There have been more plot twists in the saga of the GCSB, the leak to Fairfax reporter Andrea Vance and the Parliamentary Service than in Game of Thrones. Let us hit the live pause button to sum it up.
Once upon a time there was an inquiry into the spy agency the Government Communications Security Bureau. Then there was an inquiry into the inquiry after the first inquiry was leaked to Vance in advance. Now there is yet another inquiry, by Parliament's privileges committee, into the issues thrown up by the second inquiry, which was the inquiry into the inquiry.
It is the Green Party's version of utopia. But it is rapidly becoming the Government's version of hell.
Revelations the Parliamentary Service had "inadvertently" released Vance's phone records to the David Henry inquiry into the leak to Vance coincided with outrage and protests over the Government's GCSB bill, which will allow the bureau to employ its powers of surveillance on behalf of other agencies such as the Security Intelligence Service, police and Defence Force.
That bill is completely unrelated to the issue of Vance's phone records. In fact, even under its new, extended mandate, the GCSB itself could not have obtained the information the Parliamentary Service released so blithely on Vance.
Nonetheless, the GCSB bill's critics have used the Vance case to highlight their claims that the Government cannot be trusted with the personal details of New Zealanders. It couldn't have been worse timing for the Government, which has been on the charm offensive trying to persuade voters that it could indeed be trusted. This confluence of loosely related events might explain Prime Minister John Key's sudden public display of affection for the media, for which he said he had "enormous respect".
There were some quiet snorts over this, including from Labour MP Annette King, who pointed out on Newstalk ZB that it was only a few months ago that he was describing the media as "knuckleheads" over the coverage of his role in appointing GCSB head Ian Fletcher.
The only benefit in it for National was it succeeded in drawing attention away from Labour's latest policy to prevent non-resident foreigners buying property in New Zealand. Labour's timing was for the rather thinly veiled purpose of seeking to buck the old wives' tale that 'bad polls come in threes'. It has two bad polls under its belt - the Herald-DigiPoll and TV3's Reid Research poll. The next poll is due out this weekend, on One News. What better time to pull out a policy which will generate headlines to pander to the fear that foreigners are buying up the entirety of New Zealand than when the pollsters are about to head into the field?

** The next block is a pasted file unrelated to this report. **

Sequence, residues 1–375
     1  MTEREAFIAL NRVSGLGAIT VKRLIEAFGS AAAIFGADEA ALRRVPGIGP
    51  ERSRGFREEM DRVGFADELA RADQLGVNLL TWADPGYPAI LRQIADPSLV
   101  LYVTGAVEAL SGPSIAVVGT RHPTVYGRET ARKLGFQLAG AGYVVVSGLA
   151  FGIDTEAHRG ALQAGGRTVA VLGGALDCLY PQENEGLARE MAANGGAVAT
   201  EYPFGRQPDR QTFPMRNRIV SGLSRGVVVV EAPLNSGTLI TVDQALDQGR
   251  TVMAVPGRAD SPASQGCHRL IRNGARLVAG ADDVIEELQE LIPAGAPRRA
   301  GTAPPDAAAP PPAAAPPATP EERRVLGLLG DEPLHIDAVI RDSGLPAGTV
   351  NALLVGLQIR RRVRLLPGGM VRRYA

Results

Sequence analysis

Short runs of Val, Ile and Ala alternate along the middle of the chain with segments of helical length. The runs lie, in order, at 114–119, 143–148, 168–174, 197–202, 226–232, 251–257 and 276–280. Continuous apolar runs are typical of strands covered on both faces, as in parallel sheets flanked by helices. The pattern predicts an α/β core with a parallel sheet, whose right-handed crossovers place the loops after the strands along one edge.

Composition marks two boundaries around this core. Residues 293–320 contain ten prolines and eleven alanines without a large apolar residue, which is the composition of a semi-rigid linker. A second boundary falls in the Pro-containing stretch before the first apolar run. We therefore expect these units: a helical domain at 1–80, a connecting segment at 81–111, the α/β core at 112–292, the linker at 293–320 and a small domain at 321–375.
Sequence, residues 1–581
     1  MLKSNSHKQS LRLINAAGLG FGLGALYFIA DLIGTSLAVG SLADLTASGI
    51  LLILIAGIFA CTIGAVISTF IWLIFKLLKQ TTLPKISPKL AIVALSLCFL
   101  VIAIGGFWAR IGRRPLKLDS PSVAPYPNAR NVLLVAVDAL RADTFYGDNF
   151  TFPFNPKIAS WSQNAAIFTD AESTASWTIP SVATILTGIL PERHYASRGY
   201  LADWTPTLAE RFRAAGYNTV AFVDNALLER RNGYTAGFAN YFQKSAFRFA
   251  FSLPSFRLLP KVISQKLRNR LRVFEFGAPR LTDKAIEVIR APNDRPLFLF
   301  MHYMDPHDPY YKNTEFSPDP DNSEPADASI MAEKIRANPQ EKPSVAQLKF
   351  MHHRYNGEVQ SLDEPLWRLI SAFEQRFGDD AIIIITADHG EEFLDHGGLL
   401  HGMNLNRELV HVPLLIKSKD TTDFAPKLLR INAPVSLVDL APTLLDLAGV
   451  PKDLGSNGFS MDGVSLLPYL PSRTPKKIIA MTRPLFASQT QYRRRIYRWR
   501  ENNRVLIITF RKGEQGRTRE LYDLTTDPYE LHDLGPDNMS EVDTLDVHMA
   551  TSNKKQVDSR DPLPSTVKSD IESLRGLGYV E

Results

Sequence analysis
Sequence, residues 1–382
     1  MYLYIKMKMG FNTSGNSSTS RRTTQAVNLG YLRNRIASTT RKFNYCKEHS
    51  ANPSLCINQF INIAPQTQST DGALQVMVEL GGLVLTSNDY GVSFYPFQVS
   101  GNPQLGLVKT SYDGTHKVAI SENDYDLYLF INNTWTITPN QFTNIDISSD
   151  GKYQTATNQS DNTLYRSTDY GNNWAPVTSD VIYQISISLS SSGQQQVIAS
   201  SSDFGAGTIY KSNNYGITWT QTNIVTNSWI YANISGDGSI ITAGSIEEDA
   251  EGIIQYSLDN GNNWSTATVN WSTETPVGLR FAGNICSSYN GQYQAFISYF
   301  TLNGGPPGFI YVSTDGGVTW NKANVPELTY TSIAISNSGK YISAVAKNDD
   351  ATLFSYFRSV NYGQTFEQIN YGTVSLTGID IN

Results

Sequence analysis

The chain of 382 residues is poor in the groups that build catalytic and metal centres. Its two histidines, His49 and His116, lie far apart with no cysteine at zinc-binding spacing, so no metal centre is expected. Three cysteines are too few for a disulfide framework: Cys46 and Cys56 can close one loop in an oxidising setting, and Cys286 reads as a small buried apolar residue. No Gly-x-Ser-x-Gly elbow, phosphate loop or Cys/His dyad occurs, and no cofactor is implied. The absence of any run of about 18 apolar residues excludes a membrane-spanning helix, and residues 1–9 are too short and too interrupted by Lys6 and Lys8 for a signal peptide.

However, by Tuesday even New Zealand First leader Winston Peters had moved from foreign speculator-bashing into martyr mode, pointing out to anyone who would listen that there were no such cries of outrage when the privileges committee looking into his donations in 2008 demanded he surrender his phone records.
As for the "inadvertent" release of Vance's records, nobody was sure whom they should blame. The Parliamentary Service was blaming the contractor, Datacom. The Speaker and Prime Minister were blaming the Parliamentary Service, which was apparently overcome by the spirit of giving after years of stubbornly refusing to release any information on anyone because it was exempt from the Official Information Act. The Green Party was blaming John Key.
David Henry's concern was that nobody should blame him.
It was Henry who blew the whistle after reading the Parliamentary Service had claimed he had sought the phone records, but it had stood its ground and refused to release them. Henry, quite rightly, took umbrage and contacted the Prime Minister's office to point out he made no such request, but the Parliamentary Service had handed over the phone records anyway and he had promptly sent them back without peeking.
The phone records topped off concern that Vance's security swipe card details were also requested and provided to Henry without any apparent qualm by either.
It was the 2001 Twin Tower attacks in New York that prompted the overhaul of security at Parliament and transformed it into a place in which staff and the media who work there need to swipe if they so much as wish to blow their noses. That system was put in place to protect against security threats. But, as has become clear, the information gathered under it is used for completely different purposes.
The Parliamentary Service's approach appears to have been one of "it exists, therefore we can use it", regardless of the ramifications or its authority to do so.
In the press gallery corridors now, journalists are thinking up all manner of subversive plots for tricking the metadata. The rules for swipe cards stipulate they cannot be transferred or used by any person other than the one they were allocated to. Parliamentary security staff are sticklers for the rules. Yet there is talk that journalists could - shock, horror - use each other's swipe cards to cover their tracks.
Another tactic is to set false trails, by popping in to have a cup of tea in offices all over the place so multiple MPs have a cloud of suspicion over them for hosting said journalist on the day in question, making it harder to identify the true leak. Such plots will, at least, be some comfort to the Defence Force, which may well have felt unfairly derided this week after it was discovered it listed reporters in a list of possible subversives.